I must say that I don’t think I’m in that honeymoon stage that people talk about when one arrives at a new place. I’m not jumping for joy that I’m here, but I don’t loathe it either. It’s like living at home almost, except in Chinese because I do pretty much the same things as I did at home. That is, I go explore by myself and do whatever I want. I’m trying to keep level-headed about everything so I don’t have that “loathing/superiority stage” that people say happens after the honeymoon stage.

People can’t tell that I’m not Taiwanese. Which is good for my Chinese but horrible if I really need something complicated to be done. I want to seem like a foreigner at least!! (What a contrast to my previous thoughts that I would stand out too much.)

Also, in the IYC dorms, where I live with the rest of the exchange students (we all mostly live on the second floor and regular NTU students live on the higher floors) English is the lingua franca basically. I’m envious of those that can speak English, Chinese and their own language among others.

The room itself is okay. It’s not quite as small as I thought it would be but it’s too white for my tastes. Slightly clinical. I have the upper bunk, a bit hotter but I think it’ll come in handy during the ‘cold’ season because I get cold easily. Which should explain why I brought a scarf and fleece. Thank goodness I didn’t bring my long underwear. That would have been unnecessary.



So! Bring cash, lots. Or have easy access to getting some. The banks will readily change American dollars (cash) into Taiwan dollars, but not traveller’s cheques. Also, get a bike. Unless you like walking for a long, long time to get to places. Or learn how to use the bus and MRT. Which I will soon. Oh! And make sure to get phone cards to call long distance and locally. They somehow don’t take coins to make calls at the pay phones or anything. The long distance card I bought was 500NT – not too expensive. The local card I bought was 100NT. And the food place down in the basement of this dorm is pretty good! It’s cheap (25-30NT) for a nicely cooked ham, egg and stuff sandwich. I like the sweetness of it. And the Lo Pak Go is good too. Mmmmm… I think I should go eat now or I’ll skip lunch again. Bye!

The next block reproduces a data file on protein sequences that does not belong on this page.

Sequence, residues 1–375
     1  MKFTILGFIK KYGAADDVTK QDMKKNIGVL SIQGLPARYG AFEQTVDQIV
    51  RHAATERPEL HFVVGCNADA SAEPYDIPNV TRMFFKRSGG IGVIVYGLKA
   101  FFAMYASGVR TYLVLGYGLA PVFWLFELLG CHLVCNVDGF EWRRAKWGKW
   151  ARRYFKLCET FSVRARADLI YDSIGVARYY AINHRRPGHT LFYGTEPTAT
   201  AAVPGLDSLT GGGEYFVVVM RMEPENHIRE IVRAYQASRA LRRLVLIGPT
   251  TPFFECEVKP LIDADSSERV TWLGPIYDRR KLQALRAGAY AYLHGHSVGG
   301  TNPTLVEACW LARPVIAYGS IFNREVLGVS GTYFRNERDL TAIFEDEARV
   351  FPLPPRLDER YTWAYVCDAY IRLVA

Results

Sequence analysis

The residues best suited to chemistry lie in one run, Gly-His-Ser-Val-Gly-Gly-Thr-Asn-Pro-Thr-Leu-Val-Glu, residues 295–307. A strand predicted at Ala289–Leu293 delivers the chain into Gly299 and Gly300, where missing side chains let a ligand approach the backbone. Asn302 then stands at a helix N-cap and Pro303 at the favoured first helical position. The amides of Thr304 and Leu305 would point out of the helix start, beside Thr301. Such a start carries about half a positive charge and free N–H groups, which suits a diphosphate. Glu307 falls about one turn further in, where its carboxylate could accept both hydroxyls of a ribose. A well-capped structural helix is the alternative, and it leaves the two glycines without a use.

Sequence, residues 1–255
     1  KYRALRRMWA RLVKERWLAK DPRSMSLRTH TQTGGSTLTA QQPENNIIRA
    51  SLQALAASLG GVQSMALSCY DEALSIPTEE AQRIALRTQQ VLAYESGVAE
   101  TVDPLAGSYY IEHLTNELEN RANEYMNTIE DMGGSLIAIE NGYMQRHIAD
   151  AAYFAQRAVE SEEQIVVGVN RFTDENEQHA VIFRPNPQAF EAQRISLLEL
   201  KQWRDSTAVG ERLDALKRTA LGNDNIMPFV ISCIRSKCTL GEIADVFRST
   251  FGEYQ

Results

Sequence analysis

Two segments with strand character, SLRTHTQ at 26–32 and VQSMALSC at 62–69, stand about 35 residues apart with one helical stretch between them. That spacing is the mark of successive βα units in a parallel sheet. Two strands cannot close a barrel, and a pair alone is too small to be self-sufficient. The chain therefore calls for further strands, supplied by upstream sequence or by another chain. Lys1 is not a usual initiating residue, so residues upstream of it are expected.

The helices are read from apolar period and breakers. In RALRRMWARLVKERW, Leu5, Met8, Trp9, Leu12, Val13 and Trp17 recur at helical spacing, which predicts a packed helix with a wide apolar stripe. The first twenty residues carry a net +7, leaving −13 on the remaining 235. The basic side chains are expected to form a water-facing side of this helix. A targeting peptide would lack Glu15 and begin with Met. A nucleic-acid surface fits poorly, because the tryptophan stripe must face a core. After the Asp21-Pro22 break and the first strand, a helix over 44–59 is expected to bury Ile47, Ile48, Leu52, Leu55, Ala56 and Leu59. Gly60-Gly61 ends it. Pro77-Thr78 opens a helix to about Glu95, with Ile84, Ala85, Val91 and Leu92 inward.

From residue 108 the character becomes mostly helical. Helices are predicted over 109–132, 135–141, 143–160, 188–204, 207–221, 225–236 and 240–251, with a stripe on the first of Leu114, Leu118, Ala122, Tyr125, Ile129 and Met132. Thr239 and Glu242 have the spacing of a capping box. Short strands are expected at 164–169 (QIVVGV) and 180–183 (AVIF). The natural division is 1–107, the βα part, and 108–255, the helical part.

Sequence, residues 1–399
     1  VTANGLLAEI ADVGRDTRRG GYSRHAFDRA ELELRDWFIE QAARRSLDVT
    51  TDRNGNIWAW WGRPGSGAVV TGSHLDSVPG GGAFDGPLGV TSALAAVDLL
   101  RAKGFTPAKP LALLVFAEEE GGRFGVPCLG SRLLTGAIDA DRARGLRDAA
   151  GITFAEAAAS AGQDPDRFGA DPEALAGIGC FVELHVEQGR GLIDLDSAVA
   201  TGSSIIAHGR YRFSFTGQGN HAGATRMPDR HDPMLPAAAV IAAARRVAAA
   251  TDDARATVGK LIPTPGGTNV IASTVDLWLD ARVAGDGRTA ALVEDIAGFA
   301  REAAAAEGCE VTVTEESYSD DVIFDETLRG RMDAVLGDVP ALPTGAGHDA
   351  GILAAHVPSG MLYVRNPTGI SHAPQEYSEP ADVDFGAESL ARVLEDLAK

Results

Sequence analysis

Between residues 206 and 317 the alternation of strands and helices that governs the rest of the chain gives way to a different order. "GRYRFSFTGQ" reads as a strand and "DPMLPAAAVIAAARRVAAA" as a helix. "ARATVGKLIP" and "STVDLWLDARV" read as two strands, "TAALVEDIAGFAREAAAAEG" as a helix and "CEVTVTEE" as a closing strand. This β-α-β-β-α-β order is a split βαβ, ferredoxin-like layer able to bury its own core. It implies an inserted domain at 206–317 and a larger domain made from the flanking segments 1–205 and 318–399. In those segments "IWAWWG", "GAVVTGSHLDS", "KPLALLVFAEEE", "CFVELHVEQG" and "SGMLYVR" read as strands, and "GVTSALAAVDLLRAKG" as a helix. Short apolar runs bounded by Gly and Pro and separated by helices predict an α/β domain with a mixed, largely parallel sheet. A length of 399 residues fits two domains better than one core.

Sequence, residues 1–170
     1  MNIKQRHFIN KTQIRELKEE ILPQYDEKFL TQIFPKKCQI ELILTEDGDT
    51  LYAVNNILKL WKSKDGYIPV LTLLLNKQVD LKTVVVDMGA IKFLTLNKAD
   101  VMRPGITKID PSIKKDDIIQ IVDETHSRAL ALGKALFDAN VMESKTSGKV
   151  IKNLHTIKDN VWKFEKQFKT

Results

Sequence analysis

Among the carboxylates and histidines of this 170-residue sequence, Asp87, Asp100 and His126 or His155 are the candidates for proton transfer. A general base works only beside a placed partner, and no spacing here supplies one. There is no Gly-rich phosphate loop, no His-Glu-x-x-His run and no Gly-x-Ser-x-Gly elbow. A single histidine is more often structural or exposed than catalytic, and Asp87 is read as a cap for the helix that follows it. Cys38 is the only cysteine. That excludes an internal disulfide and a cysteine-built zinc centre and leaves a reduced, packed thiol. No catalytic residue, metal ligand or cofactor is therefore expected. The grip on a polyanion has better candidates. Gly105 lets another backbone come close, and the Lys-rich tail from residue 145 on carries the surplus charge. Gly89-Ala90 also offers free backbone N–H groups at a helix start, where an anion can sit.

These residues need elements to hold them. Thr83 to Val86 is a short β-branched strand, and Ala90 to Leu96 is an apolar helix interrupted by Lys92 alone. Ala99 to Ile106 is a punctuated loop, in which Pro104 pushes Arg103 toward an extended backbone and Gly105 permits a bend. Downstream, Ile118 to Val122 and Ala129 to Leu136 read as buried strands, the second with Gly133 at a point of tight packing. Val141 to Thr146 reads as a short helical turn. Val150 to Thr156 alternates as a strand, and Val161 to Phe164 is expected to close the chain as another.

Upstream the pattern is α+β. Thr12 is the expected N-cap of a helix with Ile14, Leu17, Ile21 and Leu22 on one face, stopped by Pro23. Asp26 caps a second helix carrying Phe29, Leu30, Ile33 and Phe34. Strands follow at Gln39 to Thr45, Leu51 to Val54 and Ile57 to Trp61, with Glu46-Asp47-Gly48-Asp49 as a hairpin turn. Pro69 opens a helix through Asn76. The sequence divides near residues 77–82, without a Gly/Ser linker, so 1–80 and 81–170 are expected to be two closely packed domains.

Oh, last thing of note: I love the water machine. It has water come out cold, warm or boiling (100 degrees Celsius) which is VERY VERY handy. Although, buying drinks on campus isn’t too much either, today I just bought a bitter tea thing for 17 NT. Not bad.